Why do mosquitoes choose us? Lindy McBride is on the case
Carolyn "Lindy" McBride is studying a question that haunts every summer gathering: How and why are mosquitoes attracted to humans?
Few animals specialize as thoroughly as the mosquitoes that carry diseases like Zika, malaria and dengue fever.
In fact, of the more than 3,000 mosquito species in the world, most are opportunistic, said McBride, an assistant professor of ecology and evolutionary biology and the Princeton Neuroscience Institute. They may be mammal biters, or bird biters, with a mild preference for various species within those categories, but most mosquitoes are neither totally indiscriminate nor species-specific. But McBride is most interested in the mosquitoes that scientists call "disease vectors"—carriers of diseases that plague humans—some of which have evolved to bite humans almost exclusively.
She studies several mosquitoes that carry diseases, including Aedes aegypti, which is the primary vector for dengue fever, Zika and yellow fever, and Culex pipiens, which carries West Nile virus. A. aegypti specializes in humans, while C. pipiens is less specialized, allowing it to transmit West Nile from birds to humans.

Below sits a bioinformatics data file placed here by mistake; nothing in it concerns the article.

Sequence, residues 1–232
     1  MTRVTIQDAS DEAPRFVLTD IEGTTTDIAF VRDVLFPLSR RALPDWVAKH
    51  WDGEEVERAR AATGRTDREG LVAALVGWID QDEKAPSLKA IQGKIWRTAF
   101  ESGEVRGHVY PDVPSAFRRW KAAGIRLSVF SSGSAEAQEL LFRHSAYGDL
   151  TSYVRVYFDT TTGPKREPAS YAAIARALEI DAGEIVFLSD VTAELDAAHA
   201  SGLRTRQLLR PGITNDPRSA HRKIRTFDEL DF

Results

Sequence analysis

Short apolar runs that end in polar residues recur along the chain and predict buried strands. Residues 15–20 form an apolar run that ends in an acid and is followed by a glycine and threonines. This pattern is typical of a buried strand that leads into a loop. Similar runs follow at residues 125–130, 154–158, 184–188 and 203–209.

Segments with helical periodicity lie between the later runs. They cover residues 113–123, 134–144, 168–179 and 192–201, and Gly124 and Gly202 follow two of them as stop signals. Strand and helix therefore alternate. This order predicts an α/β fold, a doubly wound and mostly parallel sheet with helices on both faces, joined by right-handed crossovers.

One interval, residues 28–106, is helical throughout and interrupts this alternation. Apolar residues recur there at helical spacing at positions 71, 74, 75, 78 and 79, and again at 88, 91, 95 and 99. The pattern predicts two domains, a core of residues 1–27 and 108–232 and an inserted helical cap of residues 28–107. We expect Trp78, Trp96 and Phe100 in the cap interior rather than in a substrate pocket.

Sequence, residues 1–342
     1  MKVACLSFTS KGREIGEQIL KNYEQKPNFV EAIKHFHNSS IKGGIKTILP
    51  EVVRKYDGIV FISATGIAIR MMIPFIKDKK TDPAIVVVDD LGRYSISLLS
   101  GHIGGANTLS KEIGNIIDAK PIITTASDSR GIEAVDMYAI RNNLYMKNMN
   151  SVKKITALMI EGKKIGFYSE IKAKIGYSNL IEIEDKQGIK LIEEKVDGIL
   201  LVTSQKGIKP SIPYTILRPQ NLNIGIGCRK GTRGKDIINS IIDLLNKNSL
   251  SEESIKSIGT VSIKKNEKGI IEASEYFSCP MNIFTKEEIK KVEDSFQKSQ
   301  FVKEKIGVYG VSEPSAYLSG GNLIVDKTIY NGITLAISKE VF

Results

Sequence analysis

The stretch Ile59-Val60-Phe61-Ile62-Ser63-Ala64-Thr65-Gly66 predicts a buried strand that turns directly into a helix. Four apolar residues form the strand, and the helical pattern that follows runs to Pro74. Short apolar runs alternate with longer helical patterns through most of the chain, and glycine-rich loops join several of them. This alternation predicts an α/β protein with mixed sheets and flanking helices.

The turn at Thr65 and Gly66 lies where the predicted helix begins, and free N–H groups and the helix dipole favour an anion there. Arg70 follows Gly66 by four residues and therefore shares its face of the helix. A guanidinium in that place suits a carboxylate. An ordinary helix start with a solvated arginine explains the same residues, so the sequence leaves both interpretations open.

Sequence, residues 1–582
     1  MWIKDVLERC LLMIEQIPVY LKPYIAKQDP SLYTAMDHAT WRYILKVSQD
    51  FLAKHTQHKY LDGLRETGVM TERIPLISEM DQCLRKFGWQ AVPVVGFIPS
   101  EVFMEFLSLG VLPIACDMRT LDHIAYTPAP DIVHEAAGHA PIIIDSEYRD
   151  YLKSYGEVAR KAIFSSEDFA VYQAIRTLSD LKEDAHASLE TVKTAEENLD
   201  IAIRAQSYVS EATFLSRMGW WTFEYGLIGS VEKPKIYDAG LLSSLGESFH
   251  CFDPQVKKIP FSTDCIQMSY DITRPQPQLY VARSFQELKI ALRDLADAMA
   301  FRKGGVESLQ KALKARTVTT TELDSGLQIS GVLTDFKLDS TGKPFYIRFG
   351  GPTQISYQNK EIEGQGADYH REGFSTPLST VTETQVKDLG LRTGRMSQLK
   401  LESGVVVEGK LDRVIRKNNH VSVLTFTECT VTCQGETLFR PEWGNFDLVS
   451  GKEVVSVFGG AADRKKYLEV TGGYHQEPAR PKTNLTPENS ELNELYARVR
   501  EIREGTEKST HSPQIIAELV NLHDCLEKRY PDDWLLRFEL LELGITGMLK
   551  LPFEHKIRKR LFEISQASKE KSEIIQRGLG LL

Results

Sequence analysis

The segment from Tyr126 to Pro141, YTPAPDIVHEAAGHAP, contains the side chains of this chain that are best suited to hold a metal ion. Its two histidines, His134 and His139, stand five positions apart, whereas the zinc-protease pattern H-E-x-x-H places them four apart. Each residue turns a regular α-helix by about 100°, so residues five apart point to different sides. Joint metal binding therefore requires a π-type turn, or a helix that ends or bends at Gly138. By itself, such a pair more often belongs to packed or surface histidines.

"It's the specialists that tend to be the best disease vectors, for obvious reasons: They bite a lot of humans," said McBride. She's trying to understand how the brain and genome of these mosquitoes have evolved to make them specialize in humans—including how they can distinguish us from other mammals so effectively.
To help her understand what draws human-specialized mosquitoes to us, McBride compares the behavior, genetics and brains of the Zika mosquito to an African strain of the same species that does not specialize in humans.